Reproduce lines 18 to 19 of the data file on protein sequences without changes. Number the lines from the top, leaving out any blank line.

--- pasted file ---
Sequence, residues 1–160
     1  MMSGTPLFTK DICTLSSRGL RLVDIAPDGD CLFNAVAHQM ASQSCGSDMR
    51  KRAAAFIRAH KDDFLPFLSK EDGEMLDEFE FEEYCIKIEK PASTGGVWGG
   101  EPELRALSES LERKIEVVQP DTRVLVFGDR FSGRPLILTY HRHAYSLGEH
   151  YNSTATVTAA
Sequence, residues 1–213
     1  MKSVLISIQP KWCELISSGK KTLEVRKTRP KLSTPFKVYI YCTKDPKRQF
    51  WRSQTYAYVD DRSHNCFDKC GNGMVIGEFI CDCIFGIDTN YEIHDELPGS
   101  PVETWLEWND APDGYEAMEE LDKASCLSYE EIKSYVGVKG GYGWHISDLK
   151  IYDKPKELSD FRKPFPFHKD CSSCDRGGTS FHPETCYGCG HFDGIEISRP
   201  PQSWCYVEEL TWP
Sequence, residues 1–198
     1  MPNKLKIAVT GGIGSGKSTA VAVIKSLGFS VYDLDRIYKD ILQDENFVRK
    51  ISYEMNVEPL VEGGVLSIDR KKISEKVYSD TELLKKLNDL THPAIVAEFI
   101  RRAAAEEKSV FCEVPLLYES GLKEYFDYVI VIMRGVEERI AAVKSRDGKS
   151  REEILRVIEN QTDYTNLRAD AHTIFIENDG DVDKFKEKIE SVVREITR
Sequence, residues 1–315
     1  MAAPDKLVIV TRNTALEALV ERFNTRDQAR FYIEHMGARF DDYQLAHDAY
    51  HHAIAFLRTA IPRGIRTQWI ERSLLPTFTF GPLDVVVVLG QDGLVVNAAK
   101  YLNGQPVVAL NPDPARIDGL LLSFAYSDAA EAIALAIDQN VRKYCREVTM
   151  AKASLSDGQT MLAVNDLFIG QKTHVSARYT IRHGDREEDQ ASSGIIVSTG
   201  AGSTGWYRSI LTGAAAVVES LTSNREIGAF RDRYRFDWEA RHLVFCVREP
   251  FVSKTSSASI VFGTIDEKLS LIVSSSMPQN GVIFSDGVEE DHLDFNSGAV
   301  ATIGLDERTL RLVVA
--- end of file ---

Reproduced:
     1  MAAPDKLVIV TRNTALEALV ERFNTRDQAR FYIEHMGARF DDYQLAHDAY
    51  HHAIAFLRTA IPRGIRTQWI ERSLLPTFTF GPLDVVVVLG QDGLVVNAAK